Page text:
What is “breaking news” and why do we need it?

First of all to the “breaking” part: the old definition of it no longer applies. Once upon a time a deep-voiced announcer would cut into whatever we were listening to on the radio or watching on tv and, serious and concise, say his piece and then return us to our “regularly scheduled programming.”  Now, information is immediately available on so many media that it breaks like the tide – rhythmic and regular and constant.

Then I wonder about the nature of the news.  What do we need to know and what simply scratches an itch for dish?  And does the regularization of gossip in our lives somehow curdle the milk of human kindness in us?  Do we have to know about a famous singer’s drug overdose?  Or the other one’s nervous breakdown? Or the private struggle of a family on opposite sides of an end-of-life decision, as their loved one lies in a coma?

After a gunman in a campus shooting uses up his ammunition and kills himself, and is identified as the lone gunman, and the dead and wounded are counted, the story is pretty much told.  But that doesn’t stop it from folding and unfolding in the media depending on how slow the news days are.  In one of those cases it went on for a whole week, obsessively, repetitively, continually, until there was nothing left to say, except to ask one of those questions we have all gasped at at one time or another, of a recently bereaved family member:  “How did you feel when you realized your son/daughter/mother/father/wife/husband was dead?” At which point I decided that unless someone came back from the dead, the breaking news had broken, and I was moving on.

One week it is a shock jock with a nasty mouth.  And then it is the breakup of a Hollywood couple (pick a pair, there’s a whole deck of them) and the oh-so-holy tsk-tsking about how hard it must be on their kids to have it played out in the public (said by the reporters who are making it public).  How is this news? And what ever happened to mind your own business?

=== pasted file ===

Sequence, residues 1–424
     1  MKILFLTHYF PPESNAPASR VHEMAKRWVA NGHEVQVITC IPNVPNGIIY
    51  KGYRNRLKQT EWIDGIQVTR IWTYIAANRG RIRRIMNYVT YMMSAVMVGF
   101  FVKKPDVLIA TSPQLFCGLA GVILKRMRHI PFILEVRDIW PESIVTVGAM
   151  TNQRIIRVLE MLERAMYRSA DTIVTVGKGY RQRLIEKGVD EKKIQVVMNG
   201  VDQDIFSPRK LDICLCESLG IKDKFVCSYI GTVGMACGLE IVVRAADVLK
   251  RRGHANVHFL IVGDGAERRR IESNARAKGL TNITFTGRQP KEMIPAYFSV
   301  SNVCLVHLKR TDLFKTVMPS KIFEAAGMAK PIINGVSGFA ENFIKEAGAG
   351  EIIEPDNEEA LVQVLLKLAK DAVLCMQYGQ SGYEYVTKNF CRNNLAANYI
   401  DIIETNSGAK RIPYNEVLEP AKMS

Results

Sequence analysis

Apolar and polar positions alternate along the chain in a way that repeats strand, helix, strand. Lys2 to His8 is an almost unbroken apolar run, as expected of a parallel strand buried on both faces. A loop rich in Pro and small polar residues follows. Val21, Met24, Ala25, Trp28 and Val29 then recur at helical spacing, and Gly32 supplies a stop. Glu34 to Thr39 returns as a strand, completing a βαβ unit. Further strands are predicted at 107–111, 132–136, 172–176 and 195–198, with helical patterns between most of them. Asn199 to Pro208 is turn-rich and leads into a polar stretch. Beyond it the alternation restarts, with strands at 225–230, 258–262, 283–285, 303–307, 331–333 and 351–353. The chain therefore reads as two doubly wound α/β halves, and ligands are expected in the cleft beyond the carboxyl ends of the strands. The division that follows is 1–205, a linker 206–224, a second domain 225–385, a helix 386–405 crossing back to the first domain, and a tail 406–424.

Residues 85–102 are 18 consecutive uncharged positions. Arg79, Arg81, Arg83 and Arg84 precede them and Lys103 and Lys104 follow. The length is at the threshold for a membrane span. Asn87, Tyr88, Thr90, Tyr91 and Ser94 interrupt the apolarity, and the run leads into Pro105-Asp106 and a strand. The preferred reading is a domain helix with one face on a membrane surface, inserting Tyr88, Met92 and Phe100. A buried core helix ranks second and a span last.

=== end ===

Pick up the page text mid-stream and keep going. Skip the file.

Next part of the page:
Sometimes the pretext for reporting this “news” is that it will open a useful debate about whatever subject that “news” item addresses regarding our human needs, or foibles, or errors, but in truth, it is too often an excuse for smug moralizing at the expense of whomever is in the spotlight at the moment. (I remember once when a public figure fought for his life due to a traffic accident, the media went on about whether or not he should pay a fine for not wearing a seat belt.)

More and more, what is reported in media seems to have less and less relevance to my life – to our lives?  Can I include you? – and I have decided to follow a friend’s example and go on a “diet” from the news.  The only thing she tunes into now is the House & Garden channel.  She won’t even watch Project Runway!for fear the suspense will disturb her new calm.

I am tapering off. I read very little about politics, these days.  I don’t really have to know the details of every insult politician A trades with politician B.  I skip  “news” features that are not new at all, but re-cycled advice of some kind, from celebrities who are usually half my age.  Next, I have eliminated all “news” about someone else’s health.  If it doesn’t concern my own private, personal sinuses (or the sinuses of my loved ones) I shall consider it a “don’t need to know” item, so when I see a reporter standing outside a hospital building to report the sickness of someone famous, I’ll bypass it.  I am ready to move into phase two: No personal improvement “news” — the secrets of good and bad foods lie at the end of my tongue and the taste centers of my brain, and there they will stay, no matter what the latest government study reveals about carbs or wine or coffee.  Ditto “news” on how to flex my muscle groups.

Moving into high gear, I will cold turkey all celebrity traffic stops, arrests, slip of the tongue mistakes and even humanitarian junkets.

If I do that without getting sucked back in by the red BREAKING NEWS banner,  I estimate that I will have retrieved enough time in six months to write a book and sail around the world, and if I did the former while doing the latter…would it be newsworthy?  Only to me.



About betteann

Writer, teacher, cook
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